Into Oregon, Chiloquin and Klamath Falls and Crater Lake.

There are going to be quite a few updates over next few days as I am 3 stops behind so I hope I do not bore you all too much.

Receive Updates

No spam guarantee.

I agree to have my personal information transfered to MailChimp ( more information )
Powered by Optin Forms

On the way up US-97 we passed Grass Lake. Rather aptly named as unless you look closely it looks like grass rather than a lake, but it is there!!

Look carefully and you can see water!!
It was huge and looked like a green pasture.
Parked in the Rest Area.

So we entered Oregon on US-97 on the way up to Bend but our first stop was just outside Chiloquin at Waterwheel RV Park and Camping. What a lovely site right next to the Williamson River, with  views up and down the river and loads of local wildlife, from Canada geese (they get everywhere!) to freshwater Pelicans (didn’t even know they existed until we got here).

Driving past Klamath lake, another huge one that was created by a dam.
Our site at Waterwheel RV Park
Our view out the front window!!
Some of the wildlife!!
I think the waterwheel is a bit worse for wear!!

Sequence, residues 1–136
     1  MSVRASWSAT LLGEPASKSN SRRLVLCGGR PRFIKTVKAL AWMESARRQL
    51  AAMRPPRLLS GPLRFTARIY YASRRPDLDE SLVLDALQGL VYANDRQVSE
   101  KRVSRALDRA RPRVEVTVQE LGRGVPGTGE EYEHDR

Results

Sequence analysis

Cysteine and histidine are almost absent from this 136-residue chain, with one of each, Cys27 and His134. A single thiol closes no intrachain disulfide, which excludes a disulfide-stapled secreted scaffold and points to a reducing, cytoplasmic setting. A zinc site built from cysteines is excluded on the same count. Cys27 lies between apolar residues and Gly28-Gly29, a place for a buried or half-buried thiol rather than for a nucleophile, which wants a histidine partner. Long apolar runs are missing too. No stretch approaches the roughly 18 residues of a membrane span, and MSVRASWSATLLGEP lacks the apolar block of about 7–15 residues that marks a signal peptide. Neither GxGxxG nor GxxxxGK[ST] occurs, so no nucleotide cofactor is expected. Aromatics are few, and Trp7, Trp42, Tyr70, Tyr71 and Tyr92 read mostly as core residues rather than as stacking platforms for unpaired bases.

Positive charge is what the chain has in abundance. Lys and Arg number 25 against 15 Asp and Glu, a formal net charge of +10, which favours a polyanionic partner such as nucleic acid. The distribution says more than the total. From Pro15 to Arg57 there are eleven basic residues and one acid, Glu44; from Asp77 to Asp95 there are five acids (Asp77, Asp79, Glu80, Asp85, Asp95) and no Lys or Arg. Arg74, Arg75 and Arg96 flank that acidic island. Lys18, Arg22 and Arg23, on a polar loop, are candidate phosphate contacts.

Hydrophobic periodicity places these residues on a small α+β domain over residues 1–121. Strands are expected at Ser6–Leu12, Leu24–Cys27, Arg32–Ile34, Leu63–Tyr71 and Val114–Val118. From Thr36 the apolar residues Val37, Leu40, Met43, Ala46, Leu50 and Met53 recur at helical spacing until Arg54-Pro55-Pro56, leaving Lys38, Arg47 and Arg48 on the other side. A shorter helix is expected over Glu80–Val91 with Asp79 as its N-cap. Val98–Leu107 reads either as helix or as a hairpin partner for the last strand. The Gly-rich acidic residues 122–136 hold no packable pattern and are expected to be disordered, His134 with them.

An Oregon sunset

For the first day, as the weather forecast possible showers, we decided to wait until the following day, which promised better weather, to see Crater Lake . So we drove south past Lake Klamath to the town of Klamath Falls. Now when we mentioned this to Nancy the lady who runs Waterwheel RV Park (she is a mine of information and a lovely person), she said “Well I hope you are not expecting to see the falls!!”.  Apparently it is a local joke that people come to Klamath Falls to see the “Falls” but there are none!!

We arrived and wondered where everyone was as the main street wasn’t very busy.

Klamath County admin offices, with porticoes!!
A very Art Deco First National Bank now a Mexican restaurant.
This is where everyone in Klamath is,  in the park at what we would call a Fete!!